The Organized Runner

Just Google It: Panel Graphs in Excel

Just Google It: Panel Graphs in Excel

I got a data task last week. I love my data. At my last job I once got lost writing a report on our evaluation data and didn’t look up from my computer until my stomach growled and I realized I stayed an hour later than I usually go home.

Anyway, I had the task of plotting some pretty disparate numbers. Things like website traffic (maximum at tens of thousands) per week as well as acceptances (maximum under 10) per week…plus some numbers in between. I thought this would be easily solvable with a secondary Y axis but after plotting the data that way, I realized it wasn’t the best solution. I either needed to blow up the graph to billboard size or have a third or fourth Y axis to make it work.

Then I tried taking out website traffic as a whole since it was the outlier, but then my next biggest variable became a problem since it was an outlier compared to the rest of my data. My next solution was to plot all of the variables separtely. Since the data is all plotted by week, I just had to stack them on top of each other, and the trends (spikes and dips) would still show even though it wouldn’t be as visually appealing. I made all 5 graphs before realizing that was a dumb idea. Frustrated, I told myself that there are entire professions based around data analysis and visualization, and there has to be a way to display these numbers in the same graph.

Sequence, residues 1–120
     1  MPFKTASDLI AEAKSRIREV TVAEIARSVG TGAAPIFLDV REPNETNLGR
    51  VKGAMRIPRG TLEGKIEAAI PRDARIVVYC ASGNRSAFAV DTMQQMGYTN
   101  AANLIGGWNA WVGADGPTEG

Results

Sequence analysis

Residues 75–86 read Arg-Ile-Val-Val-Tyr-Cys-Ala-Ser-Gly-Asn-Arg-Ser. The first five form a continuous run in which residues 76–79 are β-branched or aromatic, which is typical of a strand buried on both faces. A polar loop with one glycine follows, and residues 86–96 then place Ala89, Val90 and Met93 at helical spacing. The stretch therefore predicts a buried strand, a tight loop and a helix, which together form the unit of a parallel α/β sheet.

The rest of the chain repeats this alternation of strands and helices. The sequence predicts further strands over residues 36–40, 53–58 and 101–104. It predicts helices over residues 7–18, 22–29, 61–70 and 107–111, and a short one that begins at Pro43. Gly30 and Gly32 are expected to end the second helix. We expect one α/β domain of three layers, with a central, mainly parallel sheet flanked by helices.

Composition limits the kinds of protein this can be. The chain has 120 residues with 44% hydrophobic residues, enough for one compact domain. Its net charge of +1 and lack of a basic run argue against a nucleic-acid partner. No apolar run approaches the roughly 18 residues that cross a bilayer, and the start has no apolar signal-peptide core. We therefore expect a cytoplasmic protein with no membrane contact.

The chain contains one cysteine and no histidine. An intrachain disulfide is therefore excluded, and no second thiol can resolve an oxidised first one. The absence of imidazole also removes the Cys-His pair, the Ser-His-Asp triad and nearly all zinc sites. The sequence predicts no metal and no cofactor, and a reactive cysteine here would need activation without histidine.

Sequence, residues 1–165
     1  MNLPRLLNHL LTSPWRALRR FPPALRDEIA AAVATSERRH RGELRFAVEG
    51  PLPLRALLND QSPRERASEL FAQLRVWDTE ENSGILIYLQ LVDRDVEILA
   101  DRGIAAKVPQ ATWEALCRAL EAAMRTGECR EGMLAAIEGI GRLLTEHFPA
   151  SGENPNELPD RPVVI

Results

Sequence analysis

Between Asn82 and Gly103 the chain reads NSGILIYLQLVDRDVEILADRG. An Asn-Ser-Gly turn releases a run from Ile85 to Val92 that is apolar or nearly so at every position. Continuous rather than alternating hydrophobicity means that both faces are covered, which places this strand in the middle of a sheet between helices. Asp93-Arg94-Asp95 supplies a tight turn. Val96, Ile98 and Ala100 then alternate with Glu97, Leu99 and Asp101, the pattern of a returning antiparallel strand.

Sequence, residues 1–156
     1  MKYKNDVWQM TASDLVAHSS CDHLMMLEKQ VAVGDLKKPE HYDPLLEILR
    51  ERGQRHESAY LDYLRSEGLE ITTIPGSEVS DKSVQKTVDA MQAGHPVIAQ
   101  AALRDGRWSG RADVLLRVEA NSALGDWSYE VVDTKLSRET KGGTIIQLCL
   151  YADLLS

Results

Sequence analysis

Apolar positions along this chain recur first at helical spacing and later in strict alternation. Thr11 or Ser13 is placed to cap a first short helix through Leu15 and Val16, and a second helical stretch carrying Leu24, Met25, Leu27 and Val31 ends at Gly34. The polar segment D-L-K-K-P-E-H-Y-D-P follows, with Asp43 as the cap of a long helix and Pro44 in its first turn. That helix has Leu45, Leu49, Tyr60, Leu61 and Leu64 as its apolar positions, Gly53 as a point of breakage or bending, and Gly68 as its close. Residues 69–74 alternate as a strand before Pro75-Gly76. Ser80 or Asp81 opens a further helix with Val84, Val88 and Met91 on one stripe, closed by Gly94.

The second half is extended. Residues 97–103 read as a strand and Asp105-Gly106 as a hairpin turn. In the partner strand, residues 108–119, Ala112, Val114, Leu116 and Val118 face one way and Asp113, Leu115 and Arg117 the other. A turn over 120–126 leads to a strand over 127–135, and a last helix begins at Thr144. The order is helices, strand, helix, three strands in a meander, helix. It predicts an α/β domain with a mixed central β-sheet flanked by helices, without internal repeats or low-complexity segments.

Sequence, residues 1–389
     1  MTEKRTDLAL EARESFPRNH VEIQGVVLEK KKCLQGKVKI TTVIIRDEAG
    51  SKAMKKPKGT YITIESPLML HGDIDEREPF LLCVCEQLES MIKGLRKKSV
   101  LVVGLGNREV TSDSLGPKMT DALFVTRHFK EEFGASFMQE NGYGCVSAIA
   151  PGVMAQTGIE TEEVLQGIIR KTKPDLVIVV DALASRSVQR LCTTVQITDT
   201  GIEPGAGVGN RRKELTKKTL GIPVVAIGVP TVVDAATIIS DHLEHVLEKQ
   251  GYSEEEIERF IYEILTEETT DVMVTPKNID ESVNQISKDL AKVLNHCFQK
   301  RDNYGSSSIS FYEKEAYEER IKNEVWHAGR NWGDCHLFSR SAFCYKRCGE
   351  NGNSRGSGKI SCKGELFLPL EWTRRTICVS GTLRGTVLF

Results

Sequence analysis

I then turned to my best friend, Google. I can remember taking a computer applications class in middle school where we learned the “proper” way to search – using keywords, plus signs, etc. That is never the way I search, though. I’m a fan of typing full sentences or phrases of my stream of consciousness. In the pre-Shazam or Siri days, I found many a song title and artist by typing in the lyrics of songs I heard on the radio.

This is what I typed in, and I felt it like destiny that someone else had used the same phrase that I had. The forum led me here which is where I found my answer.

The feeling of fate continued as I read the post. The writer laid out all of the ways people attempt to display data like this, which mirrored the attempts I had just made.

  • You can plot everything on the same graph with one Y axis, but that leads to everything but your outlier looking like a flat line.
  • You can plot a second Y axis, but then you have to remember which lines go with which axis (and still wasn’t enough in my case)
  • You can plot all of the data on separate charts and try to line up the X axis

Or you can make a panel graph! I copied the format of the data and the formulas in the step by step instructions (accounting for the fact that I needed 5 panels rather than 3). Since the example data is so small compared to mine, I had to write down a list of conversions (example E9 = my G44) to get the formulas right after quite a few mistakes that had my graph looking wonky. But then I had it! Five variables worth of data aligned along the same X axis each with its own Y axis for scale.

The point of all of this is that it’s very unlikely that the problem you’re experiencing is something only you will encounter. The internet is a wonderful place that can help you with many problems from fixing your blender (boil the blade kit to get it unstuck) or helping you make a panel graph for the first time.

 



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